|This biography from the Archives of AskART:|
|Exploring the boundaries between art, science and technology, Brandon Ballengée creates multidisciplinary works out of information generated from ecological field trips and laboratory research. Since 1996, Ballengée has collaborated with numerous scientists to conduct primary biological research and advanced imaging procedures. These activities were outlined in Ecoventions, a book published in 2002 by the Contemporary Arts Center of Cincinnati.|
He has collected specimens for several scientific organizations, including the Peabody Museum at Yale University, The American Museum of Natural History, and the Museum of Vertebrate Zoology at U.C. Berkeley and others. In 2001, he was nominated for membership into Sigma XI, the Scientific Research Society. His works have been exhibited in New York, Los Angeles, Beijing, Vienna, London, Seoul, and other cities. These projects have appeared on ABC's World News Tonight, BBC's Today Show and in Art Press, GENEWATCH, MIT's LEONARDO Journal, The Journal of Experimental Zoology, The New York Times, The New Yorker, Sculpture Magazine, The Sciences and others.
His theoretical article, "The Origins and Application of Artificial Selection" is included in the new anthology "Biomediale" published by the National Center for Contemporary Art in Kaliningrad, Russia. In January of 2002 and 2006, he co-taught an ecology art and neotropical evolution course in Costa Rica for Hartwick College. In addition, he regularly conducts ecology/ field biology/ genetics and digital imaging workshops open to the general public at urban parks, zoos, petstores and fish markets.
Ballengée has also attended several artist in residency programs. In 2003 he was an artist in residence at the Natural History Museum in London. He participated in the 2004 Geumgang Nature Art Biennale in Gung Ju, South Korea. In 2005, he participated in the Waterways Project which was installed at the Venice Biennale. Recent solo exhibitions of his work were held at Wave Hill (New York City), The Jamaica Center for Arts and Learning (NYC), Archibald Arts (NYC), and the Yager Museum (Oneonta, NY) and Kunstverein Ingolstadt in Ingolstadt, Germany. He serves on the board of directors for the Peoples Museum of New York and NurtureArt Non-Profit, Inc. He currently is working towards a dual art and science Ph.D. at the University of Applied Sciences and Art, Hochschule für Gestaltung in Zürich, Switzerland.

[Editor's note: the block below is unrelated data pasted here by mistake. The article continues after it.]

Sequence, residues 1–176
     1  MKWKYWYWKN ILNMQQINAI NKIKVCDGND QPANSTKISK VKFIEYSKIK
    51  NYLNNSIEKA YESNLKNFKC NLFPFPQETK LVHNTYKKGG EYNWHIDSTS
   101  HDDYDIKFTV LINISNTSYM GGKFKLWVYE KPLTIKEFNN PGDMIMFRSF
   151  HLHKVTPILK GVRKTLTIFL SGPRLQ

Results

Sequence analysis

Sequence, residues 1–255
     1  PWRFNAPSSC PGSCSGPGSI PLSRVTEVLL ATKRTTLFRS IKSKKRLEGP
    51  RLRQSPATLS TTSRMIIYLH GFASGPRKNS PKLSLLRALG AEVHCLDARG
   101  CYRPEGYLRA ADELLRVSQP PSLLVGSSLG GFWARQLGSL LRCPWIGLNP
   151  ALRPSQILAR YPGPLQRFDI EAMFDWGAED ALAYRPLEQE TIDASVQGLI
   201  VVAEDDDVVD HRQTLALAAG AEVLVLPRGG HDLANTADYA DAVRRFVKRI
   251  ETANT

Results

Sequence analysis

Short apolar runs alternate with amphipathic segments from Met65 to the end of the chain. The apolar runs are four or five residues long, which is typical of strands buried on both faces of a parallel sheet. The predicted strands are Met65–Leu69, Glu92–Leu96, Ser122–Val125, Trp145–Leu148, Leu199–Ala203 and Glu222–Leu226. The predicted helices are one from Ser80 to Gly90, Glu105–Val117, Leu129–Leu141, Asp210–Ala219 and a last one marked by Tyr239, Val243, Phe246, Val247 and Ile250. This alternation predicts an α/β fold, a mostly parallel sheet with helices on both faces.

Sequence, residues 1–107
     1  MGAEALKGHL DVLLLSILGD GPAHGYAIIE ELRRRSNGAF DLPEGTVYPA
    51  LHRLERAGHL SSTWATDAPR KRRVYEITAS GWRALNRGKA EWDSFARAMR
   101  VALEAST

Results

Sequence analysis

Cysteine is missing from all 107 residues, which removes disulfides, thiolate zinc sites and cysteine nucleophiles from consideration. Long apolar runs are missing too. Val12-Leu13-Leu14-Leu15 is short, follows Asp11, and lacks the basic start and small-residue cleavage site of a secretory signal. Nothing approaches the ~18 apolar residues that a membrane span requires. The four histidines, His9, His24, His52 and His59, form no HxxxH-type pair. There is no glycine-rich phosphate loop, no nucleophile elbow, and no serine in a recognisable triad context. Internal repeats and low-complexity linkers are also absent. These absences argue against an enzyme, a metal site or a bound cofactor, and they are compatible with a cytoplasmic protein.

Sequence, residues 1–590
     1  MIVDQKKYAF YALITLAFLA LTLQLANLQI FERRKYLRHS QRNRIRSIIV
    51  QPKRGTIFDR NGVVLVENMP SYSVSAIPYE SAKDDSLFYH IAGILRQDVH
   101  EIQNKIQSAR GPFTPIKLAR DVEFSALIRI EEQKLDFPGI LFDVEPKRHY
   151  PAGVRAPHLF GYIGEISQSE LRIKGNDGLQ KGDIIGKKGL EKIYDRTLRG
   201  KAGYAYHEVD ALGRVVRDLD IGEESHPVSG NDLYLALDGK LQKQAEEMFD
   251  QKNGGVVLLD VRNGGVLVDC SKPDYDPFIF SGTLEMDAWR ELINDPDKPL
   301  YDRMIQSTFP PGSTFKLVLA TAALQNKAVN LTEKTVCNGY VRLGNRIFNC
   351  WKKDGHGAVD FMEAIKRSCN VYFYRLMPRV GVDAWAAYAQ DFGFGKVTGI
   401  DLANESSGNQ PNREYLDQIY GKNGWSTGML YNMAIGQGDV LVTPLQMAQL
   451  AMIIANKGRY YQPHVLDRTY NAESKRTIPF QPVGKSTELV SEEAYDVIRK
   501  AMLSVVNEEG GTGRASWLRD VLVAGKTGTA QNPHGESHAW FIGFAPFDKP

Imaging Biodiversity; The Salamanders of New York State (A collaborative project with Dr. Stanley K. Sessions) Hartwick College Science Center, Oneonta, N.Y.
The Red Bloom and Brown Tide; A Visual Survey of Toxic Microalgae The Hillwood Art Museum, Long Island University C.W. Post Campus, Brooksville, N.Y.
The Tragedy of Miscalculated Reason 76 Varick, N.Y.C.
ACME. LABS variation 3 (with an introduction to the FERMI WORM)
The Holland Tunnel Art Projects, Brooklyn, N.Y.
Obsessive Behavioral Study: Subject; Franz Kline and the Potato Project Ulysses Gallery, Cincinnati, Ohio
Down the Belly of the Smithson Serpent, Art Academy of Cincinnati, Cincinnati, Ohio
Woods of the Mind Maryland Institute College of Art, Baltimore, Maryland
Lament for the Death of the Red Contraption Fort Hayes Gallery, Columbus, Ohio
My work attempts to blur the already ambiguous boundaries between environmental art and ecological research. When initiating a project I often solicit technological or theoretical information from field biologists, or zoological organizations. In other cases, I have collaborated with scientists to create a work. As an artist involved in wildlife preservation, global disappearances of biodiversity is both a concern and a focus.
My approach towards nature has been influenced by earlier Earth/Eco artists such as Betty Beaumont, Agnes Denes and the Harrisons. Likewise it is inspired by the political philosophies of Thomas Cole and the Hudson River School.
Over the past six years I have been studying global species decline. Currently I am a field observer for the United States Geological Survey's North American Reporting Center for Amphibian Malformation (NARCAM). I have participated in and instigated numerous wetlands surveys throughout North America.
A recent project involves working with The Gaia Institute and The New York State Museum to populate newly created waste water management sites throughout New York City with native amphibians. The amphibians will not only control mosquito populations but will act as environmental flags to help monitor the health of the wetlands.
All aspects of the project are being documented and will be exhibited in installation format and as a website in the future. The data obtained from this kind of field work is transformed into a visual dialogue that becomes a conceptual form of environmental outreach.
The Green Museum
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